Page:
French Tax Law—Supreme Court Decision on Foreign Tax Credits: The French Supreme Court (Conseil d’Etat) Ruled That the France-China Tax Treaty Should Be Construed as Including a Tax Sparing Credit Provision, Under Which French Taxpayers Are Entitled to Foreign Tax Credits Even in The Absence of Any Withholding Tax in China

Sullivan & Cromwell LLP - March 6, 2015
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Under the provisions of the tax treaty between France and China, interest received by a French resident from Chinese sources gives right to a foreign tax credit in France corresponding to the withholding tax applicable in China. In order to foster French investments in China, the treaty used to provide that such withholding tax was deemed to be equal to 10% of the gross amount of the interest paid to French residents, irrespective of the actual withholding tax in China.

Natixis had claimed the benefit of such tax credits with respect to interest received from Chinese counterparties, but the French tax administration denied such claim, arguing that the relevant provision of the France-China tax treaty should be read as only a “matching credit” provision, entitling French tax residents to the benefit of the 10% tax credit only when a withholding tax – even minimal – was actually paid in China. Natixis, however, argued that this provision should be read as a “tax sparing” provision, entitling French tax residents to the benefit of the tax credit even in the absence of any withholding tax in China.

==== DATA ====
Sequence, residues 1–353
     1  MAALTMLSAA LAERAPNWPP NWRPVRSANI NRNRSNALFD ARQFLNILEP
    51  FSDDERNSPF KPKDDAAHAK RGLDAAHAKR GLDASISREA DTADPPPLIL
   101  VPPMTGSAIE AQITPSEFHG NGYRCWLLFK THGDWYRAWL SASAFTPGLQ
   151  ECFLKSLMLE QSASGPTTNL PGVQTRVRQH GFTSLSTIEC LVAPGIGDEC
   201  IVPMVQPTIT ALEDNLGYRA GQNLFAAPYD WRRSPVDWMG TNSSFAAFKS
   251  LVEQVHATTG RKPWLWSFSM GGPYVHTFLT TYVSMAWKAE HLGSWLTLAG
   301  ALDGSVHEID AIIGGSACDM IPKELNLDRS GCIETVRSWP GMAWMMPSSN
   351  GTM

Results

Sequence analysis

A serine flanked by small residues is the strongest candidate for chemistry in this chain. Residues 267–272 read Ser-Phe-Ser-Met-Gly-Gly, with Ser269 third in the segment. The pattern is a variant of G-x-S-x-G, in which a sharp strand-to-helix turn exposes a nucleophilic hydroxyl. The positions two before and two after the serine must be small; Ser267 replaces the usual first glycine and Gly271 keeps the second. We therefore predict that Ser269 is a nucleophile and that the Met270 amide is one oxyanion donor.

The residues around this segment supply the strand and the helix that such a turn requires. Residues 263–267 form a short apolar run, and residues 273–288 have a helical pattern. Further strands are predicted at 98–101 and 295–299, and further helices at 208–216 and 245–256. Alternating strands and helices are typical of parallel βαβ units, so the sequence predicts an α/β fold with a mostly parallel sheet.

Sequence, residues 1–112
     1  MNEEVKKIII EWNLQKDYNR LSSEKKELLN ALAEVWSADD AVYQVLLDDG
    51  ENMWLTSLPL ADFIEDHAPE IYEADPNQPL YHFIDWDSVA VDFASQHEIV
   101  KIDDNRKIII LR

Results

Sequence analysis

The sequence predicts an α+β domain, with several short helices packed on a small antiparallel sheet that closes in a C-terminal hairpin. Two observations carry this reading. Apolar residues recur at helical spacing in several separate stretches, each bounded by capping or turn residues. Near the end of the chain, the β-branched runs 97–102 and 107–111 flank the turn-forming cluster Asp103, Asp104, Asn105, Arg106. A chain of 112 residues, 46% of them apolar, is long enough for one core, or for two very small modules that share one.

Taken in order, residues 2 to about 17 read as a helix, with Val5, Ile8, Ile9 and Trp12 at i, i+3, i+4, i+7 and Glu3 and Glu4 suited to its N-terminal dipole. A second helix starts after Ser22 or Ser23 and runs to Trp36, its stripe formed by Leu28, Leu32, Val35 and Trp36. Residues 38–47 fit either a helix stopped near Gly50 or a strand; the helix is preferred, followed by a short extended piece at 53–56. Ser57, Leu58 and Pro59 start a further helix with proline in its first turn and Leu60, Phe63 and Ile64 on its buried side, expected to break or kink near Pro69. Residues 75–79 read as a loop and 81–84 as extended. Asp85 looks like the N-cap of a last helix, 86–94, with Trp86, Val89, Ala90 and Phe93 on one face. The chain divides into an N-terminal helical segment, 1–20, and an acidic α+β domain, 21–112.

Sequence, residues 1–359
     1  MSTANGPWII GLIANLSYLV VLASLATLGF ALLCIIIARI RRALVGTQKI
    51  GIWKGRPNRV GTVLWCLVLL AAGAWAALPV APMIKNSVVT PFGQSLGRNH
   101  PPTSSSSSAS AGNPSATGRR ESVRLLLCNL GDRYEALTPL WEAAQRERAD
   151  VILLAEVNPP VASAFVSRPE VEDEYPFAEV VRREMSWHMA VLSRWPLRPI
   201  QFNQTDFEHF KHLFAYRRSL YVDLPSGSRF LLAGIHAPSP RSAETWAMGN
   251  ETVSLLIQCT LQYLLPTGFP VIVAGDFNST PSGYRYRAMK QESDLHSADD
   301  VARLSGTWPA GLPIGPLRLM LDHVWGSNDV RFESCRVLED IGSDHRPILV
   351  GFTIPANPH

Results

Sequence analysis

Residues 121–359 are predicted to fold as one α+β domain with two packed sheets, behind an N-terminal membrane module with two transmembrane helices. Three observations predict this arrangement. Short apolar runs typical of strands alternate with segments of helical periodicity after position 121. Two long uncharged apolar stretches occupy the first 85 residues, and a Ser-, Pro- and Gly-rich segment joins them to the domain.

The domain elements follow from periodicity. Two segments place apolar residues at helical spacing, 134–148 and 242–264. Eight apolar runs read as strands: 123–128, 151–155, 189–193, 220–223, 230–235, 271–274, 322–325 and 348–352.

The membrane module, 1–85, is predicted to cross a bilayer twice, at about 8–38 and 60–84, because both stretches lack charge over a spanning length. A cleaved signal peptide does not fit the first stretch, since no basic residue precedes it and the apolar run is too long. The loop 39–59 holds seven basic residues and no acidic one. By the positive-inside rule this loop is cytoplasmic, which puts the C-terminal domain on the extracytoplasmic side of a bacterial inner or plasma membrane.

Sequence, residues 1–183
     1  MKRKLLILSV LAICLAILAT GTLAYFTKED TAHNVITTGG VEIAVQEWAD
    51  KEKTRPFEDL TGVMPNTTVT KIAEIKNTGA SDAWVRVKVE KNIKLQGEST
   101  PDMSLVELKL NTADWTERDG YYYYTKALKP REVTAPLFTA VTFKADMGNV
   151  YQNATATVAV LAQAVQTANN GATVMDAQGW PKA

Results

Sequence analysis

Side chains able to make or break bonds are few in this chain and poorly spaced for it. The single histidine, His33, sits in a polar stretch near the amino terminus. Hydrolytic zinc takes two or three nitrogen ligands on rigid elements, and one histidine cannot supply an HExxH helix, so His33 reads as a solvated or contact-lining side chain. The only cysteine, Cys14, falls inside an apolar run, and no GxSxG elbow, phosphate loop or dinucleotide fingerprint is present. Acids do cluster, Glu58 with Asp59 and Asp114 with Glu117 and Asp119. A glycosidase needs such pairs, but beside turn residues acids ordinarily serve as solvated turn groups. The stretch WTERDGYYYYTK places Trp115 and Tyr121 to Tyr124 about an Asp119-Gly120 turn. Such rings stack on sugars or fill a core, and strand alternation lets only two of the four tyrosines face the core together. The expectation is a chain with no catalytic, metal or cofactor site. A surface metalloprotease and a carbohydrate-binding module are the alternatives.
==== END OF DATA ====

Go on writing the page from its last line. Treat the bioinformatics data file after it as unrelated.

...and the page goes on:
The lower courts ruled in favor of the French tax authorities and disallowed the grant of tax credits to Natixis, since Natixis could not prove that a withholding tax had actually been paid in China. These decisions were inspired by a previous decision of the French administrative Supreme Court in 2006 regarding the France-Brazil income tax treaty, in which the Supreme Court concluded that, based on the specific drafting of such treaty, the relevant provision was a matching credit provision.

However, since the France-China tax treaty did not include the same specific language, Natixis believed that the France-Brazil precedent should not apply, and appealed before the French Supreme Court.

Another claim made by Natixis, which was not to be decided by the Supreme Court at this stage, related to the computation of the tax sparing credits. French taxpayers generally consider that for a net interest income of 100 euros received from Chinese sources, the tax sparing credit is equal to 10 euros. However, Natixis is arguing that, if the withholding tax rate in China was indeed equal to 10% (which is the fiction created by the tax treaty), a net income of 100 euros for the French beneficiary would correspond to a gross interest income of 111 euros.  The tax credit should thus be equal to 11 euros in the example, and not 10 euros.

Sullivan & Cromwell LLP represented Natixis in this litigation.